By Nicki Escudero
By Amy Silverman
By Brian Palmer
By Chris Parker
By Troy Farah
By Lauren Wise
By Lauren Wise
A couple years back, singer-songwriter Jake La Botz was spending his Sundays down at the Mt. Zion Missionary Baptist Church in south central L.A., and playing in the church's band with his friend Willie Chambers, of the '60s R&B group the Chambers Brothers. La Botz is a Buddhist, but the chance to play with the band and the gospel choir was irresistible to the blues/soul/folk crooner.
Myself, I don't cotton too well to churchgoin' in general. Likely because I was raised in a strict Christian environment with no tolerance for fucking around, I'm more likely to look for truth in the bottom of a pint glass.
I do, however, wish I'd stopped in to Mt. Zion when La Botz was jamming with the Baptists, if only to see how he applied his unique talents in a gospel context.
La Botz doesn't easily fit into any musical category -- his songs veer from old-time country to wailing soul to the Delta blues he was exposed to on the streets of Chicago when he was growing up. That's what makes his artistry so intriguing. His music is simply raw, built on the elements he learned firsthand from bluesmen like David "Honeyboy" Edwards (a protégé of Robert Johnson), street musicians like Maxwell Street Jimmy Davis, and what he learned playing at Mt. Zion.
"It was a great way to broaden my horizons musically. It's very similar to the blues and soul," La Botz tells me recently via phone from his Los Angeles home. "I always loved that kind of music."
I assumed that after spending the past 16 years or so of his life playing on the streets and in smoky bars for seedy drunks, La Botz was appreciating the contrast of playing in an African-American church with a gospel choir.
"There's something about the euphoria in drunk people and the euphoria in the holy spirit," he tells me. "There's a reason why they call booze 'spirits.' If you look at religious ceremonies in ancient times, there was a mixture of the two -- the idea of secular drinking and sex and things like that, and the very strict religiosity we see now in the Christian church. But I see it all as one thing; when I see people having ecstatic or euphoric experiences, I like to tap into that energy, whether it's a bar or a church."
That's the sort of epiphany that I can relate to, and La Botz's music is seething with the sort of soul that makes for a religious experience, as you can hear on his album All Soul and No Money, released earlier this year. His story sounds like it's from a different era, when hard luck and adventure were what made men men. It's a Hemingway-ish ideal that's missing from contemporary music.
He spent a good deal of his late teenage years traveling the country before he decided to try out music as a career. "The wanderlust thing sort of came first," he tells me. "I was really into literature, into reading fiction, especially adventure stories -- the beatnik guys in the '50s, Jack London, Nelson Algren -- I just wanted to imitate those guys."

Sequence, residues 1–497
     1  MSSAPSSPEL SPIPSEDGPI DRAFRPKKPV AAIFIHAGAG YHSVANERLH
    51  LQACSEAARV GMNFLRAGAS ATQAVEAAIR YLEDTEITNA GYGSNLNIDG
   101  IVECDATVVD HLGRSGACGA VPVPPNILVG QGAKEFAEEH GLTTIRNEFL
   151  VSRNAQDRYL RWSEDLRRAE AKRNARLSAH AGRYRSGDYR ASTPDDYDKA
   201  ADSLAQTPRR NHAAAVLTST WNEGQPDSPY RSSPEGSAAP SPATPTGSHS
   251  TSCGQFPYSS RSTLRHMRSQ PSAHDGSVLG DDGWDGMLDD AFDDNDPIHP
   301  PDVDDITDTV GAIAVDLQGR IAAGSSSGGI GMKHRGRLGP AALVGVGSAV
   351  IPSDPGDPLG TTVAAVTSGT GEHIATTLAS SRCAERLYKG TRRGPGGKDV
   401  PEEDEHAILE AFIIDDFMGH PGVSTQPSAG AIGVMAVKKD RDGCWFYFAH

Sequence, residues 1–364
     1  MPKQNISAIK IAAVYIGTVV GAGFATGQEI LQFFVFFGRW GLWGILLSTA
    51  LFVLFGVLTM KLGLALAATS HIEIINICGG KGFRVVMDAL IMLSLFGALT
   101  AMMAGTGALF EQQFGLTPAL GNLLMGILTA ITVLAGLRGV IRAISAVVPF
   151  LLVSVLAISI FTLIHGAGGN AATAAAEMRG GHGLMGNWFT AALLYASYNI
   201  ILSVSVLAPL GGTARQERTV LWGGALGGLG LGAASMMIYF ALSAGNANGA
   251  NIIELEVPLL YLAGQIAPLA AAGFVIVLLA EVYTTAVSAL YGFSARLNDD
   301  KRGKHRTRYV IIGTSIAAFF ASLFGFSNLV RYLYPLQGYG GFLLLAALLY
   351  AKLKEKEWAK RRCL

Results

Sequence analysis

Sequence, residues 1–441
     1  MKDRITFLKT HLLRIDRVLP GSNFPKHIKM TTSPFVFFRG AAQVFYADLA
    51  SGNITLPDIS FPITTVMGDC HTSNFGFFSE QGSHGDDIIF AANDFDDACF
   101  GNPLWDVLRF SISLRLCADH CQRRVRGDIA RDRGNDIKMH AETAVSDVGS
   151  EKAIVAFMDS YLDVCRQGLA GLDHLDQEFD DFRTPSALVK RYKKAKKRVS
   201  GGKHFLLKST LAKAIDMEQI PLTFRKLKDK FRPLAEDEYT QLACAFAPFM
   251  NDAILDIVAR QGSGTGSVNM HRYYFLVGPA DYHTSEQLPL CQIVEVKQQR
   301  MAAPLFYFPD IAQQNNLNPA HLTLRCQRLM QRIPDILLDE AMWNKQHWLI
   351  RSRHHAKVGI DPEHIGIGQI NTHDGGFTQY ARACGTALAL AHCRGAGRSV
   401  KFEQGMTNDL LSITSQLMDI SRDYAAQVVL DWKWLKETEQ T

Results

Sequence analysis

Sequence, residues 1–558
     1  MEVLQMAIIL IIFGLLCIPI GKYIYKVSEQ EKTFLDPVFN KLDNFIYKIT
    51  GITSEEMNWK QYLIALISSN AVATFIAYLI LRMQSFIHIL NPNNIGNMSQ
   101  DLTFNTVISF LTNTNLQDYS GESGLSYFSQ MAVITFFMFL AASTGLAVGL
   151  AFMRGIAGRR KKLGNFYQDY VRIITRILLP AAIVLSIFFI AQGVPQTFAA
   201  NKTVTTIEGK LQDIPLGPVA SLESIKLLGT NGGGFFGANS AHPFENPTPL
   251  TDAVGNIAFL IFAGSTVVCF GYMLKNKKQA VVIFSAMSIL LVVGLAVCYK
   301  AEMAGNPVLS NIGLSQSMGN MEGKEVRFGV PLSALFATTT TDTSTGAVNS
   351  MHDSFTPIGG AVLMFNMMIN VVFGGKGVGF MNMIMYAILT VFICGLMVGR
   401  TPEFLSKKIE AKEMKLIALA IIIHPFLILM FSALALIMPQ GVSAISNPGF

La Botz was working construction and in factories as he traveled. "Jesus Christ, there's got to be an easier way to make a living," he finally decided. He was working in a graphite factory in Rodeo, California, in the Bay Area, and stumbled upon a small country blues scene. "I saw there was a buck to be turned, and started playing on the streets of North Beach and San Francisco once in a while."
Eventually -- and oddly enough -- La Botz ended up in Los Angeles. "I ran out of road," he tells me. "I ran into the ocean. It was an accident, more or less. This would have been the last place on Earth I thought I'd want to end up. I just got to the point where I was too tired to keep moving around the country."
His unique blend of rootsy styles, which he likes to call "soul folk," doesn't seem synergistic with L.A.'s glam confines. "It's not really a place to come to try to set up shop if you're playing that kind of music," he says. "But on the other hand, I'm something of an anomaly here -- in a way, maybe I have my own niche. I'm always thinking, 'I'm gonna move out of here,' but things keep coming together. Then falling apart, coming together, falling apart."
In fact, La Botz made an influential fan from the City of Angels: actor and director Steve Buscemi, who cast him alongside Willem Dafoe and Mickey Rourke in the 2000 film Animal Factory. La Botz later appeared in Lonesome Jim and Ghost World; his next film role is in an indie called One Night With You, which should be out next year.
Though Los Angeles has been kind enough to La Botz, he's got a special affinity for Phoenix, where he's played sporadically over the past few years. "There seems to be a whole new kind of rootsy music scene, a little like the alt-country thing," he tells me. "Some guys seem to be like heavy metal guys, but they're also into Johnny Cash and Hank Williams and stuff like that.
"The music scene there is really fantastic for me to go be in the middle of it. You can get a little bit of that here, but it's more sporadic. There's a few places where there's a small scene, but compared to Phoenix, where they're really into it, I love going there."
Any time you're ready to flee L.A., Jake, bring your old-time religion out this way, and we'd be glad to have you.